Nesbitt Memorial Library Journal, Volume 3, Number 2, May, 1993 Page: 105
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Presidents Visit Colorado County
by Bill Stein
At least five United States' presidents have visited Colorado County. The
last to do so was George Herbert Walker Bush. In early 1964, the future president, then
running for the Republican nomination for a U. S. Senate seat, came to the county to
film a television commercial. William N. Lehrer had made arrangements for him to shoot
the spot on his Garwood ranch.'
Only one sitting president, Benjamin Harrison, has ever been in Colorado
County. He passed through Eagle Lake, Columbus, and Weimar on a special train while
travelling from Houston to San Antonio on April 20, 1891. Unfortunately, he travelled
overnight and he apparently slept through his entire "visit" to the county. His train flitted
through Columbus just before 5:00 a. m. Still, a few eager citizens gathered at the depot
to see it. They got a brief glimpse of a heavily decorated private train with all its lights
Ulysses S. Grant is the only former president to visit the county. Grant had
been out of office for just over three years when, after a trip to Cuba and Mexico, he
landed in Galveston and decided to visit San Antonio. His train came through Colorado
County on March 26, 1880. He made brief stops in both Columbus and Weimar. There
does not seem to have been much excitement concerning his visit in Weimar, but in
Columbus, numerous people were at the depot to see him. He did not get off the train,
but did shake hands with several people. The so-called "Colored Brass Band" played,
and one lady passed him a bouquet. Grant passed through the county again on March
29, on his way to Houston, but apparently made no stops.3
On May 31, 1898, an accident caused future president Theodore Roosevelt
to spend some time in Colorado County. At three o'clock that morning, an east bound
freight train stopped just east of Borden to work on a hot box. The crew sent a flagman
out to stop another freight train that was following them, but, because of the darkness
and a heavy fog, the engineer of the second train did not see him. The second train
plowed into the first at full speed, wrecking or damaging the last four cars of the first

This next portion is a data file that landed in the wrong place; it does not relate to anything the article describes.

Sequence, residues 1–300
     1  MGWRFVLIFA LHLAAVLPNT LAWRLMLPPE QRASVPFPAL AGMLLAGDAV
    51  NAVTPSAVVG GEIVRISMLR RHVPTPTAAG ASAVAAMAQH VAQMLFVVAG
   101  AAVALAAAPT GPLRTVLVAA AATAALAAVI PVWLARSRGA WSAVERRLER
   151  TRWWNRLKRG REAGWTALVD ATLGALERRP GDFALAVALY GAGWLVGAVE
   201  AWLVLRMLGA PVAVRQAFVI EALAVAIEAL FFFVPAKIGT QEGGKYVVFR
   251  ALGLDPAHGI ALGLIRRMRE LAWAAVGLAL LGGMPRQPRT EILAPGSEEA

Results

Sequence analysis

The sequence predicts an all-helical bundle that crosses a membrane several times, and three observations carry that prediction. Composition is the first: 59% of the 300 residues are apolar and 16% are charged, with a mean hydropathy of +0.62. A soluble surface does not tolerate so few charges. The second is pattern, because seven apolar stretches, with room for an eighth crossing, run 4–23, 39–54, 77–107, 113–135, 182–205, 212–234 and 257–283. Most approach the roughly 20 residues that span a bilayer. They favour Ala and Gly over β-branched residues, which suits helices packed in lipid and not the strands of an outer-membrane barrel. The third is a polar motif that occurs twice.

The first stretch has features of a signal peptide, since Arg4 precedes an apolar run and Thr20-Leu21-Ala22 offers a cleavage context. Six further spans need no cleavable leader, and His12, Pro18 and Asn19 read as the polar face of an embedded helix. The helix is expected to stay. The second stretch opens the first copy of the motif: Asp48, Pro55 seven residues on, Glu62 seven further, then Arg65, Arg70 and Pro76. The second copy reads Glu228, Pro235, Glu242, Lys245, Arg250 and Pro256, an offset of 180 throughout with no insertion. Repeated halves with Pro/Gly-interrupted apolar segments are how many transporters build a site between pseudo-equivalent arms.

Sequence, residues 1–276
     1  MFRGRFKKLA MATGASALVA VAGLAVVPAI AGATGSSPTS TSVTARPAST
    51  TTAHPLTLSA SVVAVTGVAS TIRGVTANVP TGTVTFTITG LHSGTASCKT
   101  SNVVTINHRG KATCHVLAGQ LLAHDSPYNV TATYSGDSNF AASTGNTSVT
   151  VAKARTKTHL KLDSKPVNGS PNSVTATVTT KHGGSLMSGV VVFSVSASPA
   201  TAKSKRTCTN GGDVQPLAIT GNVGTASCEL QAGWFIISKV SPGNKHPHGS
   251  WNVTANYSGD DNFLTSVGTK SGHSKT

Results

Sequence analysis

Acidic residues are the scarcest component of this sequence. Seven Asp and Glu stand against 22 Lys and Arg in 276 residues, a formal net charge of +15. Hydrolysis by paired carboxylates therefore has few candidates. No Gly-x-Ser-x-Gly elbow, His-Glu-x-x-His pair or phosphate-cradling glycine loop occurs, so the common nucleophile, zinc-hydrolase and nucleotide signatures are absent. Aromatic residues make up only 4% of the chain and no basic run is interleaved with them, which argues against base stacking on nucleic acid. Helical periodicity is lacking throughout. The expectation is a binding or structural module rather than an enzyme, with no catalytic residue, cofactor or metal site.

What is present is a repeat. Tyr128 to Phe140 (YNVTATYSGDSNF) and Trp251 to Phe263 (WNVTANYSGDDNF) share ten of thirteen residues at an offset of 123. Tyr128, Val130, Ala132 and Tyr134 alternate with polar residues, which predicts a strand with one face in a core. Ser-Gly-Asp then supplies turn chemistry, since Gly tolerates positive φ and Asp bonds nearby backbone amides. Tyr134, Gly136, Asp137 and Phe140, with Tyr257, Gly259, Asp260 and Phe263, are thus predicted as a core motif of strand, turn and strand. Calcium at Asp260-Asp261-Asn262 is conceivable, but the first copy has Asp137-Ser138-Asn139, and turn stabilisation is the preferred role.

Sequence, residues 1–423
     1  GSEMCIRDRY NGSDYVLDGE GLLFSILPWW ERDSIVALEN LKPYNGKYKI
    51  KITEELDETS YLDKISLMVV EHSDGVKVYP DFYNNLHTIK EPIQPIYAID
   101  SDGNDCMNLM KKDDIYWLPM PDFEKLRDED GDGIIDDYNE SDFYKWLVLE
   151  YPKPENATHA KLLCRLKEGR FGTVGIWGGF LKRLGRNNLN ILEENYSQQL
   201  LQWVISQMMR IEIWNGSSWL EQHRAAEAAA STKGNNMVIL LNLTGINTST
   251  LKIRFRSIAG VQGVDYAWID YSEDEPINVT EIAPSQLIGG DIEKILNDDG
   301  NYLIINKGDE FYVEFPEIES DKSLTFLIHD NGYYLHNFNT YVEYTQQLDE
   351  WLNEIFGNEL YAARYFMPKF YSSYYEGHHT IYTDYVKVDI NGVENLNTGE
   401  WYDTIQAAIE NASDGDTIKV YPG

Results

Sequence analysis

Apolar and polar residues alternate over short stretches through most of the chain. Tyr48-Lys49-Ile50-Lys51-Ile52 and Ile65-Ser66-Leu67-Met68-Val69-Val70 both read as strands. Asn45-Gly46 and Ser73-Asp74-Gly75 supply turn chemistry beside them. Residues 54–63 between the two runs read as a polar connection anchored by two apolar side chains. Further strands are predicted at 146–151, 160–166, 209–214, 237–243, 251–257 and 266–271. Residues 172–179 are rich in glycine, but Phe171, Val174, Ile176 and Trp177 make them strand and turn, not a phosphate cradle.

train and the engine of the second. No one was hurt, but the wreck caused most of the
traffic in the area to be delayed. As it happened, one of the delayed trains was carrying
Roosevelt and his Rough Riders from San Antonio to Florida. The men were forced to
spend about an hour in Glidden.
Word quickly reached Columbus that these heroes-to-be were stranded in
Glidden, and quite a crowd of young ladies ventured out to meet them. One lady in par-
ticular, Gladys Johnson, made quite an impression on Lieutenant John C. Greenway,
and, through Greenway, on Roosevelt himself. Later that day, Roosevelt offered to name
her "Daughter of the Regiment" and Greenway invited her to follow them to Florida. It
is doubtful that she did.4
Lyndon Baines Johnson, a native Texan, was certainly the most familiar of
all presidents with Colorado County. In the early stages of his political career, he was
1 See The Eagle Lake Headlight, March 19, 1964, and The Colorado County Citizen, March 26, 1964
2 See The Colorado Citizen, April 23, 1891
3 See The Colorado Citizen, April 1, 1880, and Nancy Hadley, "A Civic Occasion: The President
Visits Houston," The Houston Review, vol. XI, no. 3, 1989
4 See The Colorado Citizen, June 2, 1898. Gladys' father, Jesse H. Johnson, became a diplomat
in 1899. It is possible that this chance meeting of his daughter with a future president advanced his career.
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Nesbitt Memorial Library. Nesbitt Memorial Library Journal, Volume 3, Number 2, May, 1993, periodical, May 1993; Columbus, Texas. (texashistory.unt.edu/ark:/67531/metapth151388/m1/53/?q=nesbitt%20memorial%20library%20journal: accessed October 22, 2017), University of North Texas Libraries, The Portal to Texas History, texashistory.unt.edu; crediting Nesbitt Memorial Library.